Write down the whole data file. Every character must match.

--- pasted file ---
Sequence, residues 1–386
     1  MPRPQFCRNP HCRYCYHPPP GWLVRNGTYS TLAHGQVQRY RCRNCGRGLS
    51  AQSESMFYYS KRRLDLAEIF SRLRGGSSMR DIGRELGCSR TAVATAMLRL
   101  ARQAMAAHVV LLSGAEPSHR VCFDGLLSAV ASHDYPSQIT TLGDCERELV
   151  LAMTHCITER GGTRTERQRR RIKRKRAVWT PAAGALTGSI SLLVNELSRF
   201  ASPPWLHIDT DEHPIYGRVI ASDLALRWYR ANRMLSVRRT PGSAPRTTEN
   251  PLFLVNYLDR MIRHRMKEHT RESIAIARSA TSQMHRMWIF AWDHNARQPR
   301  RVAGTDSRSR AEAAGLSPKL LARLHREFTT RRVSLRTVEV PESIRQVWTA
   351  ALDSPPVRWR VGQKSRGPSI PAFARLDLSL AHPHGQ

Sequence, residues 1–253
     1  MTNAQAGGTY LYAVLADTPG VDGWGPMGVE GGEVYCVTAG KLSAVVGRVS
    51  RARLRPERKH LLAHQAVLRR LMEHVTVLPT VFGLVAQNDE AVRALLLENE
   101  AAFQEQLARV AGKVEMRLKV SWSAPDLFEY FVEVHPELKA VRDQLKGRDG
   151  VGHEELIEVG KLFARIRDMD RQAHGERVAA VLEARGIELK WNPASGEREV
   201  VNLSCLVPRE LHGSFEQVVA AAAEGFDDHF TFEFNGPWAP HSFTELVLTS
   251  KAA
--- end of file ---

Sequence, residues 1–386
     1  MPRPQFCRNP HCRYCYHPPP GWLVRNGTYS TLAHGQVQRY RCRNCGRGLS
    51  AQSESMFYYS KRRLDLAEIF SRLRGGSSMR DIGRELGCSR TAVATAMLRL
   101  ARQAMAAHVV LLSGAEPSHR VCFDGLLSAV ASHDYPSQIT TLGDCERELV
   151  LAMTHCITER GGTRTERQRR RIKRKRAVWT PAAGALTGSI SLLVNELSRF
   201  ASPPWLHIDT DEHPIYGRVI ASDLALRWYR ANRMLSVRRT PGSAPRTTEN
   251  PLFLVNYLDR MIRHRMKEHT RESIAIARSA TSQMHRMWIF AWDHNARQPR
   301  RVAGTDSRSR AEAAGLSPKL LARLHREFTT RRVSLRTVEV PESIRQVWTA
   351  ALDSPPVRWR VGQKSRGPSI PAFARLDLSL AHPHGQ

Sequence, residues 1–253
     1  MTNAQAGGTY LYAVLADTPG VDGWGPMGVE GGEVYCVTAG KLSAVVGRVS
    51  RARLRPERKH LLAHQAVLRR LMEHVTVLPT VFGLVAQNDE AVRALLLENE
   101  AAFQEQLARV AGKVEMRLKV SWSAPDLFEY FVEVHPELKA VRDQLKGRDG
   151  VGHEELIEVG KLFARIRDMD RQAHGERVAA VLEARGIELK WNPASGEREV
   201  VNLSCLVPRE LHGSFEQVVA AAAEGFDDHF TFEFNGPWAP HSFTELVLTS
   251  KAA